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TutorGroup, the online education service that drew headlines with its impressive growth, is about to launch an ‘Expert on Demand’ service that will revolutionize the delivery of knowledge, according to co-founder and CEO Eric Yang, who hopes to tap into the growing P2P learning market in China.

Last year, the company received a $100 million US round of Series B financing from Alibaba Group, Singapore based Temasek, Qiming Venture Partners and Japan based SBI Group. TutorGroup works cooperatively with Alibaba’s own education platform Taobao Classmate, but the specifics of the partnership have not been divulged.

TutorGroup now operates five language learning brands. Their English-learning services for youth are VIPABC Junior and TutorABC Junior (8-18 years old) while non-Chinese users can use TutorMing to learn Mandarin. VIPABC and TutorABC have user base that hosts mostly professional adults from 25-55 years old, who can boost their professional knowledge in English. Whether the user is a lawyer, banker or businessman, they can choose a teacher with a professional background that will be relevant and meaningful to the user. The teaching material covers a vast array of subject matters ranging from law to digital marketing. The company uses its patented algorithm which matches a student to a teacher based on the content that best fits the student.

According to Shanghai-based CEO Eric Yang these handful of experts are not a new concept for the company. “We have experts from the world from yoga gurus to chefs to bankers and attorneys teaching our customers English.” The company now wants to extend beyond and invite a whole new range of professionals to take part.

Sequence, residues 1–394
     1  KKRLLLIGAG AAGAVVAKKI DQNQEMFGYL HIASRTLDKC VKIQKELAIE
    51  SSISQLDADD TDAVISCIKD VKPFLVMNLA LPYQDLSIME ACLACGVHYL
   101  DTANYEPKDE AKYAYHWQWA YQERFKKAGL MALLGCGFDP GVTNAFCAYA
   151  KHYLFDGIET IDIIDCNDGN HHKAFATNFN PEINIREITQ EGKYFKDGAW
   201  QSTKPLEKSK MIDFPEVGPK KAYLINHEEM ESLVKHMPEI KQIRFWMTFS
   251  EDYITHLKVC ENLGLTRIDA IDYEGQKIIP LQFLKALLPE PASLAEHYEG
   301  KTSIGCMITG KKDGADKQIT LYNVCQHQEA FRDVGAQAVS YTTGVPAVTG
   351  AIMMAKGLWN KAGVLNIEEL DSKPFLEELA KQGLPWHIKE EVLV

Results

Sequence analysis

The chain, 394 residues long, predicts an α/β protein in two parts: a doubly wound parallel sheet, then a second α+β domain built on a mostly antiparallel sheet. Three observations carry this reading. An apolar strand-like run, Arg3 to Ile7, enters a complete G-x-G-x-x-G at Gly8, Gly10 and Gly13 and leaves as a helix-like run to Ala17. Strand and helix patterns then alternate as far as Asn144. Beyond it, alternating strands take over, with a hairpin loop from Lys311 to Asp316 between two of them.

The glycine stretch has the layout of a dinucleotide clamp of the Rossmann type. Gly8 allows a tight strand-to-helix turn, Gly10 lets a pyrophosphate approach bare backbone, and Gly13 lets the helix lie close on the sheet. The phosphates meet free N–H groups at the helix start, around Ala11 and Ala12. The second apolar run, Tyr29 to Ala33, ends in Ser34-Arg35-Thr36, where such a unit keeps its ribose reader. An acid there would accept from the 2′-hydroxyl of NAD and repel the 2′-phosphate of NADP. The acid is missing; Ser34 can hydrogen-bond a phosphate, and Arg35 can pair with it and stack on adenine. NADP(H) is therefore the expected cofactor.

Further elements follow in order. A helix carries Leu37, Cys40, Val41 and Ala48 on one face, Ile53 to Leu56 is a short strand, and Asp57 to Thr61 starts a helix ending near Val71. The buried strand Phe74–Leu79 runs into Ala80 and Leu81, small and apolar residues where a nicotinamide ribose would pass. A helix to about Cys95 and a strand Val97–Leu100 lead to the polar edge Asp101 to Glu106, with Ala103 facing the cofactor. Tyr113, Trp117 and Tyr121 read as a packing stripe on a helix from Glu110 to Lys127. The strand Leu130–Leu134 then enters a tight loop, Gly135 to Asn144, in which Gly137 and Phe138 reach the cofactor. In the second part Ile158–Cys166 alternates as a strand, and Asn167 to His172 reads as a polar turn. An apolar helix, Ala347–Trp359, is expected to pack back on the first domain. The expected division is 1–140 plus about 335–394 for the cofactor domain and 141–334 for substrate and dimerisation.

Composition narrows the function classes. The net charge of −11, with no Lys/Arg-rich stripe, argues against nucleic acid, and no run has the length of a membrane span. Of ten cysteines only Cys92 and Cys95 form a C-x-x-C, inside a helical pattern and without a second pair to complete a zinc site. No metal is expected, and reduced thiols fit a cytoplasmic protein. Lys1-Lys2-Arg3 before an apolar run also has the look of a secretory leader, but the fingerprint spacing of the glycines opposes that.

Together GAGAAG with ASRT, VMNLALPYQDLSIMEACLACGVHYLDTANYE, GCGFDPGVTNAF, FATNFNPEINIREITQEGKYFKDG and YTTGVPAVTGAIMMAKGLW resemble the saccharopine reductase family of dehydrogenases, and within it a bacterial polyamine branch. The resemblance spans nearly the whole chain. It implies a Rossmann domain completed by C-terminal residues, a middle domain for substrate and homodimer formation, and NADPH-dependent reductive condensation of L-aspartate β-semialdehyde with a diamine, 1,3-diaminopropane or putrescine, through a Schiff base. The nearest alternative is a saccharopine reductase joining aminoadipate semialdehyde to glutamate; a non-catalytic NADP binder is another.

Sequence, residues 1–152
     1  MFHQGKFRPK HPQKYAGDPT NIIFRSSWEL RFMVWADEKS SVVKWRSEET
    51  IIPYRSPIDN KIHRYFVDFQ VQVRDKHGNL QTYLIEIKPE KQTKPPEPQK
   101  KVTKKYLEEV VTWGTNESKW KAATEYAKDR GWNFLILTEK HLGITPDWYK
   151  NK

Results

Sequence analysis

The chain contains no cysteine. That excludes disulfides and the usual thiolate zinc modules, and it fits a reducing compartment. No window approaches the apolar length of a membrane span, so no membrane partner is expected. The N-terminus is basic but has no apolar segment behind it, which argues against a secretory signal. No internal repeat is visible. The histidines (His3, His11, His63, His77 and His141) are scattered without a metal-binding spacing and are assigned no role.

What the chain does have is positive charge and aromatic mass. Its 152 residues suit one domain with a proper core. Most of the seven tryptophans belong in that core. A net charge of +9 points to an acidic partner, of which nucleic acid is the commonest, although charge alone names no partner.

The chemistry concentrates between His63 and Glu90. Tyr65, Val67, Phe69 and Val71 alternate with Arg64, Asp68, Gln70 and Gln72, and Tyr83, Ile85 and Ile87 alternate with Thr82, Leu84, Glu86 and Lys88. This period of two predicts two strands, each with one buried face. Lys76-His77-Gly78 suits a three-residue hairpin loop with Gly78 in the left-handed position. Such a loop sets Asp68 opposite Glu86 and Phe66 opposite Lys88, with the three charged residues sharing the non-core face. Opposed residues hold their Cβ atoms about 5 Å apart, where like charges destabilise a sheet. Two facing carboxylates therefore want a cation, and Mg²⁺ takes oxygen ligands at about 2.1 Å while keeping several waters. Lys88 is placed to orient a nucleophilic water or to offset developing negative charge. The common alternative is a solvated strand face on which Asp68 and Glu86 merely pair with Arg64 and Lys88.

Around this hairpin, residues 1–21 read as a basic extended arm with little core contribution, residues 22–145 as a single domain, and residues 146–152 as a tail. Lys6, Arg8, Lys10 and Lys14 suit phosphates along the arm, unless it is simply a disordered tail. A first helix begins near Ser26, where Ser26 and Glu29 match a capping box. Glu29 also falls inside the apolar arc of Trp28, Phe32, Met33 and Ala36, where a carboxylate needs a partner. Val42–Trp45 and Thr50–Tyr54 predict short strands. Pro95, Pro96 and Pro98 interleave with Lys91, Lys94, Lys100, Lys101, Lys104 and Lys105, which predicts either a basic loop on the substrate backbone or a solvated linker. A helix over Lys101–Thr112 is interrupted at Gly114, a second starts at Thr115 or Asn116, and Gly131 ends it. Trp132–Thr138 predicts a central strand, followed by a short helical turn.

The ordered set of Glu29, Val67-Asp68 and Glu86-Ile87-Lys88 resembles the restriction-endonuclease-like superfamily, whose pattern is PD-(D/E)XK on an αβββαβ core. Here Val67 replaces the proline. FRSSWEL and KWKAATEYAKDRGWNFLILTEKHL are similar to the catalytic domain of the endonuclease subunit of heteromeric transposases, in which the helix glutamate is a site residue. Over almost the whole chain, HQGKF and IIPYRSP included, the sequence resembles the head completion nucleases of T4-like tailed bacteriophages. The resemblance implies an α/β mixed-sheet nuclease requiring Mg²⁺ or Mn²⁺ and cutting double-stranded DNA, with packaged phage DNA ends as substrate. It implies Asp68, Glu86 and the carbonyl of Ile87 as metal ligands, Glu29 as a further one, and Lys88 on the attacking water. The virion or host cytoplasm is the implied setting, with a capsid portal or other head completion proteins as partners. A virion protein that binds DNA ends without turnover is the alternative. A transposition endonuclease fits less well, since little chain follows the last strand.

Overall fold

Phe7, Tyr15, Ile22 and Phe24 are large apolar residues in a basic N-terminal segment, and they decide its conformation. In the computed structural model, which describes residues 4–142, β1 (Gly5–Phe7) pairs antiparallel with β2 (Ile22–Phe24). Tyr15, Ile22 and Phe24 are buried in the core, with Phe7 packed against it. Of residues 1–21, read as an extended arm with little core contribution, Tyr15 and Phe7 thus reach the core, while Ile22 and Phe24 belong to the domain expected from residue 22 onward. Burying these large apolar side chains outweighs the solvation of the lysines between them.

The ‘expert’ term is rather subjective. Unlike language where certificated test and oral interviews can determine the quality of the instructor, managing the level of cross-professional expertise will require different sets of standards. “We’ll bring experts from big brands. For example, as for business consultant, we can attract McKinsey-level consultants to the service,” Yang said.

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In a country like China, where the zeal for learning is high, the education market has many players vying for priority. “Education and medical services are probably the only industry categories that are recession-proof,” Yang laughs. “In fact, during the financial crisis, we had seen even more users added to our service.”

To combat poor quality teaching, the learning platform encourages students to give feedback after each class. “Unlike offline classes where teachers don’t have any motivation, we incentivize good teachers with more classes and a salary,” Yang noted. Teachers on the platform go through a rigorous interview process and 40-hours training before they can host their classes. The classes are usually $14-18 US for 45 minutes, with two or three students engaging with one teacher on average. 

The BAT cluster is also trying hard to gain the market share in the segment by offering online classes in recorded video. Alibaba launched the Chinese MOOC platform with Peking University and Baidu founded education app platform 91UP’s video lecture service, while Duxuetang and New Oriental launched Koolearn.

Despite strong competition, Yang believes that scalability is key over content production. “MOOC and other video courses are based on the content delivery, but we’re focused on the result of learning: student’s actual improvement in language skills. We believe the only effective way to do this is through human to human interaction.”

In addition to the quality of teaching, Yang adds that having teachers from different parts of the world is critical to its 24-hour service as this compensates for the time zone differences. “From 7 a.m. to 8 a.m., lunch hours and late evening times are actually the time when we have most users, and we essentially created 50% more revenue by serving these hours,” says Yang. “Companies like Wall Street Institute offer the classes when their students are in fact working, which doesn’t match their free time. We have teachers from all over the world, so we can easily address demand during those time slots.”

TutorGroup is also working on incorporating new wearable technology such as Google Glass to its classes. “With our R&D team based in Santa Clara, we try to adapt to the innovations happening in the space,” says the company’s COO Jerry Yang. Since this January, the company started TutorGlass, where its teachers use Google Glasses to interact with their surroundings and improve the learning experience. “We have thousands of these all-immersing classes with very good feedback and we will continue to apply the latest technology to push the boundaries of education,” he said.

Image Credit: TutorGroup